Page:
The phrases ‘ low key’ and ‘ high key’ are not as popular as once they were, but they are still valuable. They do not mean ‘muddy and murky’ and ‘totally blown’, though. The best of both will normally have a full range of tones from the deepest blacks to the brightest whites, but not evenly distributed. In a low-key picture such as this, dark tones and blacks predominate, while in a high-key picture, light tones and white predominate. Both lighting and processing are important: I do not know, but I suspect, that this is quite flatly lit, with the contrast added in processing. Something else I don’t know is whether Lea shoots film or digital, but nor do I care very much: the final image is what matters.
Low key and high key are normally used to create mood, though low key need not necessarily be as sombre as this: it can also be used to convey gravitas and historicity. If that sounds pretentious, think of solid, worthy 19th-century pictures of Eminent Victorians or of exotic locations such the The Holy Land or Darkest Africa.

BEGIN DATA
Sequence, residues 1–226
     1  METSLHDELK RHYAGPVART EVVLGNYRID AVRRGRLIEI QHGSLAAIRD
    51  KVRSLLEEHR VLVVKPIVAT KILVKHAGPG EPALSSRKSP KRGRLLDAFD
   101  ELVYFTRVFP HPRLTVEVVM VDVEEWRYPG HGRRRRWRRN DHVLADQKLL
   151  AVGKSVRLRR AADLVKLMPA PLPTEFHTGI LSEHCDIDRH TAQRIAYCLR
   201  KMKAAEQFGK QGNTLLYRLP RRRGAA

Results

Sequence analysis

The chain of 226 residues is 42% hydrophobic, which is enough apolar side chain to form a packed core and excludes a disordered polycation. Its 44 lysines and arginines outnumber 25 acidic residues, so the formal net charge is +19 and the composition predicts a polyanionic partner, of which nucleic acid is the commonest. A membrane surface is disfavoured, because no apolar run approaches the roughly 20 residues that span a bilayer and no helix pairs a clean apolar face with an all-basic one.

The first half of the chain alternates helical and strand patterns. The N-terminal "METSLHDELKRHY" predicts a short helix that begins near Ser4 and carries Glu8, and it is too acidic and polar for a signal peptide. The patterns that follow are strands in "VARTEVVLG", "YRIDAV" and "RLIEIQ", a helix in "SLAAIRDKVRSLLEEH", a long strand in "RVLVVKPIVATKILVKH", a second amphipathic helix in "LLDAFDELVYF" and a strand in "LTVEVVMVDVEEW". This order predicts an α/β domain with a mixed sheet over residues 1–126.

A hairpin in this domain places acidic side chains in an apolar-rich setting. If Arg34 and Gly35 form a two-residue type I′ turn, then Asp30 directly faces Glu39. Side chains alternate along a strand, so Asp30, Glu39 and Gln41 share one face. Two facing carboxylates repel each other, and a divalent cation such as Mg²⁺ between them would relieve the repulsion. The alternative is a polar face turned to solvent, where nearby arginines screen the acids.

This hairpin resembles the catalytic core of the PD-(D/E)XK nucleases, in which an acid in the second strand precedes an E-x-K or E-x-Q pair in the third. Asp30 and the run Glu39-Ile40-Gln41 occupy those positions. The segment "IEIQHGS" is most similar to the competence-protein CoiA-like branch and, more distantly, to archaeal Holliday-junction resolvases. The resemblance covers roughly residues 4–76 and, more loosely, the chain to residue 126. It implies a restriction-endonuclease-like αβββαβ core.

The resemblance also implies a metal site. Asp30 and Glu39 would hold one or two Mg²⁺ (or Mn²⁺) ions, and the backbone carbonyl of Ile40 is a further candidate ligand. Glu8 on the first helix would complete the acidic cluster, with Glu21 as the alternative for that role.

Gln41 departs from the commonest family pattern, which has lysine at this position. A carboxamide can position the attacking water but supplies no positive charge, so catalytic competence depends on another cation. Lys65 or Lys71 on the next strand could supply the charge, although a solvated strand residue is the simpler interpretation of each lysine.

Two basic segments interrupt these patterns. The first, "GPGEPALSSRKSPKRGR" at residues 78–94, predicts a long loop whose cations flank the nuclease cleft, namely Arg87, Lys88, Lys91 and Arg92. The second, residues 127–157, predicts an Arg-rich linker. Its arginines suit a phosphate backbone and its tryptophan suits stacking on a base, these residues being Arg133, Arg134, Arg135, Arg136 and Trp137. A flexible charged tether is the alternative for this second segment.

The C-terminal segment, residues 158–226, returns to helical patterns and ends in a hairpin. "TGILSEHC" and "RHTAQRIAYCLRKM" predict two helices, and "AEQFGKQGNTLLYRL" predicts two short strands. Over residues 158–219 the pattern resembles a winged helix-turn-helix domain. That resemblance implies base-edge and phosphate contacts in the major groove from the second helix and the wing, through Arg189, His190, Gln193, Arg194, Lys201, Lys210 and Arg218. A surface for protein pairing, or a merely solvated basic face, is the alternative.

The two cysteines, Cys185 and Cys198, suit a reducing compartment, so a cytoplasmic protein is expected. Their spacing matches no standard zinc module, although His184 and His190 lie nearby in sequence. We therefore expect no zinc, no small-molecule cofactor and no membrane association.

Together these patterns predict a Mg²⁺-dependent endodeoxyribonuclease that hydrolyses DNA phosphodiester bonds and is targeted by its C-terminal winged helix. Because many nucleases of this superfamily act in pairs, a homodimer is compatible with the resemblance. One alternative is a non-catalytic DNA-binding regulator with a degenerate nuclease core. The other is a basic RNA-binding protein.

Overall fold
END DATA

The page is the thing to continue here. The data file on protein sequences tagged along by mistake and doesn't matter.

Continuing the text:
A Picture For The Ages
Then I realised: here, Erik and Lea combine the latter two. And indeed a third strand: the rich, dark, doom-laden engravings that ornamented so many 19th-century Illustrated Bibles. This is very much a Picture For The Ages. I use capital letters so freely because the Victorians, including our Dear Late Queen-Empress, were Extremely Fond of them.
The theme of the Pietà, the Mother of God cradling her crucified Son, apparently dates back to about 1300; the most famous is Michelangelo’s of 1498-1499. Here, Lea, as the Blessed Virgin, is a conventional mediaeval interpretation of a biblical figure, but Erik as the Christ figure is black. Then there are the chains.
One of the theories of what makes outstanding art is that we can bring to it what we wish. I will not insult (or seek to trammel) my readers by suggesting what they may choose to see in it. Some will find it shocking; some, perhaps even blasphemous. But for my money, it is outstanding art.
If you’d like to see it better reproduced than is possible here, it’s one of nearly four dozen pictures in a slim volume (16x24cm, 46 pages) called Sedamon, available from www.lealund.com for 10 plus postage. Be warned, though: if you do buy it, the other pictures may inspire you to see even more layers of meaning.